Stay tuned to this space, because this story is moving fast….

    ENTIRE COMMENTARY – link to original.antiwar.com

    ● P.S. “FREE DON” SIEGELMAN PETITION – link to change.org

    • dickerson3870 November 13, 2012, 12:07 AM

      P.P.S. RE: “As I understand it, the FBI agent first contacted Reichert. Then Reichert contacted Cantor (or someone in Cantor’s office). Next, Cantor (or someone in his office) contacted the FBI agent.” – me (above)

      MY COMMENT: It appears that I might not have understood it correctly!

      SEE: “A Petraeus Puzzle: Were Politics Involved?” ~ by Jane Mayer, The New Yorker, 11/12/12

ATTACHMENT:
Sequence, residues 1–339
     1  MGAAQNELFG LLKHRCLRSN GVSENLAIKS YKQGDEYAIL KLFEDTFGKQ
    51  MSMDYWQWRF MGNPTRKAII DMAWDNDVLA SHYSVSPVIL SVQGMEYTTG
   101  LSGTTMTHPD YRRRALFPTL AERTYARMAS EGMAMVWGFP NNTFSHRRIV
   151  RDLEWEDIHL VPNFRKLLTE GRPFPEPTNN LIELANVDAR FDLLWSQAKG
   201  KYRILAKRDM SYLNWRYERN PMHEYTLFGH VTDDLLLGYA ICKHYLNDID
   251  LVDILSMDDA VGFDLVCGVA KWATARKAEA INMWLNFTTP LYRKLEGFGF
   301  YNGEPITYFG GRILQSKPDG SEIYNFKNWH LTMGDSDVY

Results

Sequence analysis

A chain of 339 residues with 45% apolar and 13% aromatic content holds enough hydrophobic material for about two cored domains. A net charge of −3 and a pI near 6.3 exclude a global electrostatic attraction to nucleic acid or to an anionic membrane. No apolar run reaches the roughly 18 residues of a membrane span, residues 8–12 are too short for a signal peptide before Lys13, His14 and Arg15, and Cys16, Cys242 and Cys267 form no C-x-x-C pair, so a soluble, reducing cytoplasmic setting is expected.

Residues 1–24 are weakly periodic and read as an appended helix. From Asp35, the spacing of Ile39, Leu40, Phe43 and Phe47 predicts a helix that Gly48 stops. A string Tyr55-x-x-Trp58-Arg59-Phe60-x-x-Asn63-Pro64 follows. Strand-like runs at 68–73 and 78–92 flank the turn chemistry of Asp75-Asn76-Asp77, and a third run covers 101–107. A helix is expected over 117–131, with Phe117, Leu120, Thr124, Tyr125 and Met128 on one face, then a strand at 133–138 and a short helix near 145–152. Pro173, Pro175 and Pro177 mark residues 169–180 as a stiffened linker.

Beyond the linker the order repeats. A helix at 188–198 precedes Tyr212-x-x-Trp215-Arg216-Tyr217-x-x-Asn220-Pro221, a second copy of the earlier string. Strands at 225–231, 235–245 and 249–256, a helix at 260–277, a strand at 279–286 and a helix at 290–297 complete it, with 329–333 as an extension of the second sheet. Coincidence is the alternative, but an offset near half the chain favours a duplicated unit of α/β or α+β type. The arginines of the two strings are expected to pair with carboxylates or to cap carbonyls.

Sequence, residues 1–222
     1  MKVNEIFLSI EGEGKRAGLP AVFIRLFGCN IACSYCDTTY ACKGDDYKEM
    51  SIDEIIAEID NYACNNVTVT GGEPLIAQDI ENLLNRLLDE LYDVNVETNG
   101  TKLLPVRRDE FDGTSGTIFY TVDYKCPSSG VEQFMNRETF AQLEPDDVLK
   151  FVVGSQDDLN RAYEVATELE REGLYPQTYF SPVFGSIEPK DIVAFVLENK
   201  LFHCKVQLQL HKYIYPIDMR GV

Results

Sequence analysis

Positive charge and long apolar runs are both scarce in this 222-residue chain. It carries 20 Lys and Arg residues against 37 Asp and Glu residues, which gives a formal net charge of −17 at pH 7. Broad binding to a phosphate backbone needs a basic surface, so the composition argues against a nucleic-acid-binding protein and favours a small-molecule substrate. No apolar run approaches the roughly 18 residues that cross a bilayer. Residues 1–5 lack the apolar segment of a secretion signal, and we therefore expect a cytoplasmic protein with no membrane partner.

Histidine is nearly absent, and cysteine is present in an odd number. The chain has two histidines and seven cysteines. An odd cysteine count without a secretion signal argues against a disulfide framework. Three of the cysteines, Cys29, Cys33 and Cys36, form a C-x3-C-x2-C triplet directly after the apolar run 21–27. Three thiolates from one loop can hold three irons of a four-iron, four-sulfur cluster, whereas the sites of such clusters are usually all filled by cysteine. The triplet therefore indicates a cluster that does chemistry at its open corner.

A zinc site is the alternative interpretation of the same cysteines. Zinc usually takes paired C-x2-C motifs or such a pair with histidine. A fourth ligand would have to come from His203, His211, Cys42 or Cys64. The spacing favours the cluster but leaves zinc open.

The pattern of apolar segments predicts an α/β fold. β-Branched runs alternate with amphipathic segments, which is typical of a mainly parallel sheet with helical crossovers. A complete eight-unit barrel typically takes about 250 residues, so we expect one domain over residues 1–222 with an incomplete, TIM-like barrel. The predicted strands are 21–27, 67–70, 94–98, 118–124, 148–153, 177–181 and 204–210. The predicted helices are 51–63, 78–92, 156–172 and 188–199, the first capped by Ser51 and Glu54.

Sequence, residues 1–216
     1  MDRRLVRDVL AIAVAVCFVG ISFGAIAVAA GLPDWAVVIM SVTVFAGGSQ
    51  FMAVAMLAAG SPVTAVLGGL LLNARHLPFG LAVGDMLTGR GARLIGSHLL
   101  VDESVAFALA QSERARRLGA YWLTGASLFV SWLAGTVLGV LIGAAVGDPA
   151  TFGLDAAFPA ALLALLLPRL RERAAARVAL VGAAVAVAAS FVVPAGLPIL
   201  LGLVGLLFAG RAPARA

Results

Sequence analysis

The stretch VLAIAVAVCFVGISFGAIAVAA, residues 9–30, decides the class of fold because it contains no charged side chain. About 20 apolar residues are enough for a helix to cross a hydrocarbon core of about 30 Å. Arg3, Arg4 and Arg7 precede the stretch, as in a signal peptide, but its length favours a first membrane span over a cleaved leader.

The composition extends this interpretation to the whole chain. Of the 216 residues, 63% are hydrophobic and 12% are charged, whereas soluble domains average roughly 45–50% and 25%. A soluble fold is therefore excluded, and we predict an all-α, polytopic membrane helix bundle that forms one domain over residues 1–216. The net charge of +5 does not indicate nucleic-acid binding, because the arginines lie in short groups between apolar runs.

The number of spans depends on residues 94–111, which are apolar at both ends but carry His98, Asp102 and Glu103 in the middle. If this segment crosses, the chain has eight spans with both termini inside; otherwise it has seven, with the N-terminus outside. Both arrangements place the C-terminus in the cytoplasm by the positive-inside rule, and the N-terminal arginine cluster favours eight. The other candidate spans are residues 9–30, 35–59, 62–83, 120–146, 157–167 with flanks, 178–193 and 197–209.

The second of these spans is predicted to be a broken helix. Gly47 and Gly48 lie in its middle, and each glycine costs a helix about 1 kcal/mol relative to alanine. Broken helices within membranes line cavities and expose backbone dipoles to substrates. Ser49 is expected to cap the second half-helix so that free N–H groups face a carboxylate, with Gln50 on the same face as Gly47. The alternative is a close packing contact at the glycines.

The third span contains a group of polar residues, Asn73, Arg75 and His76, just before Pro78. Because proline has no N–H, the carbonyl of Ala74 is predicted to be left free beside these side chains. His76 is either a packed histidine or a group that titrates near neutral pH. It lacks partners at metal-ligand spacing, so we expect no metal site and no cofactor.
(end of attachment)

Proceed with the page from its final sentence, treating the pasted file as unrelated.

[EXCERPT] . . . The Times uses the word “murky” to describe what happened next, and there are many puzzling aspects. But according to the Times, at the end of October, a week or so after the F.B.I. investigators confronted Petraeus, an unidentified F.B.I. employee took the matter into his own hands. Evidently without authorization, he went to the Republicans in Congress. First he informed a Republican congressman, Dave Reichert of Washington state. According to the Times, Reichert advised this F.B.I. employee to go to the Republican leadership in the House. The F.B.I. employee then told what he knew about the investigation to Eric Cantor, the House Majority Leader. Cantor released a statement to the Times confirming that he had spoken to the F.B.I. informant, whom his staff described as a “whistleblower.” Cantor said, “I was contacted by an F.B.I. employee who was concerned that sensitive, classified information might have been compromised.” . . .